—Collected Stories of Louis Auchincloss
Sometimes these observations come in the form of a type, where you instantly think: I know this person!
Everyone who knew Ovcharov proclaimed him a fine fellow. He earned this appellation through his deference to the ladies, amenability, tidiness, indefatigability, and his enthusiasm for all of society’s amusements, along with his customary readiness to expound on absolutely anything and equal readiness to listen to absolutely anything. But whatever society Ovcharov appeared in throughout his wandering life, he was never anything more than a fine fellow. Nowhere did he leave a strong impression; he was easily liked and easily forgotten. With women, in love and hate, he played only an incidental role; among serious people his presence brought on a slight sense of boredom; and through his entire life he had failed to attain a single devoted friend.
—City Folk and Country Folk by Sofia Khvoshchinskaya
Oftentimes these observations are aphoristic in style, like this one from The Decline and Fall of the Roman Empire.
The first moment of the public safety is devoted to gratitude and joy; but the second is diligently occupied by envy and calumny.
Sometimes writers say, “All your sentences should be beautiful.” This is absolute nonsense. Nobody can read and remember every sentence. Your story as a whole should be beautiful. There is no need to write in soundbytes. I’ve read some fantastic books that haven’t inspired me to highlight anything at all.
Nor do I think I’m a particularly highlighteable author. But when it comes to my two published books, my most popular highlights have been:
I’m not a sympathetic main character. My quirks are not lovable. I am not clumsy. I am not overwhelmed by life. I am not unlucky in love.
—Enter Title Here
The thing is, you can’t just be yourself if whenever people look at you they see something entirely different
—We Are Totally Normal
I immensely enjoyed doing all this database work to pull everything out and get it organized. I taught myself the basics of regex so I could extract the author and title data from the file names and add in the proper taxes. Makes me feel quite accomplished. I do sometimes think maybe I ought to learn computers and become a computer-doing-person. I’d have been good at it. I have the mind for it. But it’s fun enough as a little hobby.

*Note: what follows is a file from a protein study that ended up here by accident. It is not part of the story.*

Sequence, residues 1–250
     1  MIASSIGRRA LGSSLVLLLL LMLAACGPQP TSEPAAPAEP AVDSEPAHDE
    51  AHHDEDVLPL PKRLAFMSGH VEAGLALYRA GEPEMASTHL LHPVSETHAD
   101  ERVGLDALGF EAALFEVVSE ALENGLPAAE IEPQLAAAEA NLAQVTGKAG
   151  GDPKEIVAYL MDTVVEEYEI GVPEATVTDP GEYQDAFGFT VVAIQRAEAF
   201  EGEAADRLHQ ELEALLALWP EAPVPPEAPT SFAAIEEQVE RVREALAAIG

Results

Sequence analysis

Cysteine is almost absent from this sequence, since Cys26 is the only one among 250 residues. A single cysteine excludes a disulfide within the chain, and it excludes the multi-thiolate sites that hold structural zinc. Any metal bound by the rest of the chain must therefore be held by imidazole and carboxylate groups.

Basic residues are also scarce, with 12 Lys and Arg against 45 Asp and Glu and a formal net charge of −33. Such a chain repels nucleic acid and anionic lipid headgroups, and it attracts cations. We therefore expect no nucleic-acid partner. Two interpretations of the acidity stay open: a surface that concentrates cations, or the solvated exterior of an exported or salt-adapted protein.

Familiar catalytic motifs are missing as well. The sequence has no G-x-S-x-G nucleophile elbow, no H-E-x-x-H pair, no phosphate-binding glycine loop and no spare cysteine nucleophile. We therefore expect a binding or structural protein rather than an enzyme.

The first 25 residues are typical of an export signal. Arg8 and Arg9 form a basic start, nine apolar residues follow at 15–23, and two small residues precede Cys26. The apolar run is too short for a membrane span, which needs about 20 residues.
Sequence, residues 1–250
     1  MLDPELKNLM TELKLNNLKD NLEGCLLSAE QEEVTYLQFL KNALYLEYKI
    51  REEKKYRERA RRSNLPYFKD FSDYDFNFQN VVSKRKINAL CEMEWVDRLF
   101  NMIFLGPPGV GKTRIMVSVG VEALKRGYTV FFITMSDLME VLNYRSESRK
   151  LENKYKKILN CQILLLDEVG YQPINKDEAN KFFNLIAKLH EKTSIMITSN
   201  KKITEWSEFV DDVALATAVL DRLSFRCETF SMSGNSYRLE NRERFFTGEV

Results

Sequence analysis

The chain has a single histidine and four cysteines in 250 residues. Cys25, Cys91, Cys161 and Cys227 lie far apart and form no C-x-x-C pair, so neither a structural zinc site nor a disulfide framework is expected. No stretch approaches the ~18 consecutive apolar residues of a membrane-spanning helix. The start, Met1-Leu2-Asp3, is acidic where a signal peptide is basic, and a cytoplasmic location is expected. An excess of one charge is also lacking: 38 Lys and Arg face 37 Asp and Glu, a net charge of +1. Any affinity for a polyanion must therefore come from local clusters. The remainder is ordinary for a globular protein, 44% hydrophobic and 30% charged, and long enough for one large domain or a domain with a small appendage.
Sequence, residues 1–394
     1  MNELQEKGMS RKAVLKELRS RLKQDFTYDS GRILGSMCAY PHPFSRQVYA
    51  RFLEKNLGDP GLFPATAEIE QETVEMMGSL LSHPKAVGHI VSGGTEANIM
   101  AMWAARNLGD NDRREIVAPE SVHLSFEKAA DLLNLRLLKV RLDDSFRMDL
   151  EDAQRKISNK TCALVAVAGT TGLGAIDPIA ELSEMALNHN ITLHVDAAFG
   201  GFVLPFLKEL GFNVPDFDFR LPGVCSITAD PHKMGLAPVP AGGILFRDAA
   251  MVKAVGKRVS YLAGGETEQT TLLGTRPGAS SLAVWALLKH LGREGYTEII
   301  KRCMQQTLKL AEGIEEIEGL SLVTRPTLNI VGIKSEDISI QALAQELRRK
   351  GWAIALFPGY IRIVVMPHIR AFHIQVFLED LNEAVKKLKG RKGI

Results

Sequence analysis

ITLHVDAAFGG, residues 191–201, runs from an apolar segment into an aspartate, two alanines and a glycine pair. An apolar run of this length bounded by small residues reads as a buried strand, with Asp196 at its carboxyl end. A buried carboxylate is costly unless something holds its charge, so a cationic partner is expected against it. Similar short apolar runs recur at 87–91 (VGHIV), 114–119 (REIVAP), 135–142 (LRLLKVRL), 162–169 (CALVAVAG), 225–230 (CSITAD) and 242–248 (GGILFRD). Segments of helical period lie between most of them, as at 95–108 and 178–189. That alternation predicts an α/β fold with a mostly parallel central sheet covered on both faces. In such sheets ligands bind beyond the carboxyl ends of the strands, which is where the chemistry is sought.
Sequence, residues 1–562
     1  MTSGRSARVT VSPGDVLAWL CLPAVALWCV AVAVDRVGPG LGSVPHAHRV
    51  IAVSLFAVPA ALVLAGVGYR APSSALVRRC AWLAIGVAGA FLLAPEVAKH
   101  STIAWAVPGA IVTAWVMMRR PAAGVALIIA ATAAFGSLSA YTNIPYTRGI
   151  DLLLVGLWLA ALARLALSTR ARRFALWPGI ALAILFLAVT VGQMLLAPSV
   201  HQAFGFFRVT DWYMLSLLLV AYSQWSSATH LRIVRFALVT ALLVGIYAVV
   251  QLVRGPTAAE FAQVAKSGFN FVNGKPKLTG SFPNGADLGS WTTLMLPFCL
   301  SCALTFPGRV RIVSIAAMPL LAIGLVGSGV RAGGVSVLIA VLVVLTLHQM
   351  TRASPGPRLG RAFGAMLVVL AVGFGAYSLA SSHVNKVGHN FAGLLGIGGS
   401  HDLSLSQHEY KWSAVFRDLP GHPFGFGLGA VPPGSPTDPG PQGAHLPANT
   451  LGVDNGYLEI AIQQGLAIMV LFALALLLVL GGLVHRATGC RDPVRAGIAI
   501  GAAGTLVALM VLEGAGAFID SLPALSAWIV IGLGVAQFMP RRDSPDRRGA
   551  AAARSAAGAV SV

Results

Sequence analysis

Not sure what my next digital maintenance project will be. I do have lots of journal entries socked away in various places: might be worth extracting those and putting them all together in one spot. Have also been meaning to do some scanning projects.
Oh! I continue to highlight, of course. Right now I’m reading Es’kia Mphabele’s Down Second Avenue. He’s a mid-20th century Black South African writer, and this is his memoir of growing up and becoming a man.
My passion for reading grew stronger. The white family for whom my mother worked gave me old newspapers and periodicals. They merely shrugged their shoulders when my mother told them why I wanted the papers. More than that, they showed no interest. I was disappointed. I thought naïvely that if they were superior to me and my kind they should show some interest in a less fortunate creature who wanted to acquire something like the degree of literacy they enjoyed. Even if it were the kind of interest that might prompt one to retort: ‘Say, he reads English!’ Yes, I was very proud to be able to read English
I mean doesn’t that seem so true? Obviously people whose lives are based in a system of racial superiority will be unwilling to see any signs of competence amongst the Black people around them. It’s not that they’re consciously putting down or dismissing him–they simply won’t allow themselves to hear the fact that he might have a skill they could value.
Do people want dogs only for their looks? What are the motivations, values and behaviours of those who decide to go out and buy a dog today? These questions are part of a small but growing area of study. Although the research is still preliminary, available data suggest that physical appearance is the single most important factor driving dog-acquisition practices in the United States and throughout much of the West. And the look that we’re going for right now is ‘cute’.
— “Breeding Dogs To Be Cute And Anthropomorphic Is Animal Cruelty”
Mind is blown, is there a reason for wanting a dog besides their cuteness? Do some dogs do the dishes or something? Is there a dog that’ll pay rent? There’s a genre of article that seems to traffic in the weirdest sort of mock outrage. Of course people want dogs to be cute. Of course dogs are bred to be cute. Of course it’s not good for dogs’ health. If we cared about their health, there wouldn’t be any dog-breeding at all. Sheesh. But all that aside, it’s still a good article about the way cuteness works, how cuteness gets engineered into dogs, and the toll it takes on them (i.e. we may purposefully breed dogs with high needs precisely because being ‘helpless’ is cute)